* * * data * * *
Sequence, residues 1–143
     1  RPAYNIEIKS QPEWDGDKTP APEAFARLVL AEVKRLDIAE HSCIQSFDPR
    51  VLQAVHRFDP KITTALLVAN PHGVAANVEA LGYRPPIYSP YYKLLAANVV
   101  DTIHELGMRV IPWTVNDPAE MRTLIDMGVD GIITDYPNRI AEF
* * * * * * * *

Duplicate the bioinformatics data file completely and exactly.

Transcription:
Sequence, residues 1–143
     1  RPAYNIEIKS QPEWDGDKTP APEAFARLVL AEVKRLDIAE HSCIQSFDPR
    51  VLQAVHRFDP KITTALLVAN PHGVAANVEA LGYRPPIYSP YYKLLAANVV
   101  DTIHELGMRV IPWTVNDPAE MRTLIDMGVD GIITDYPNRI AEF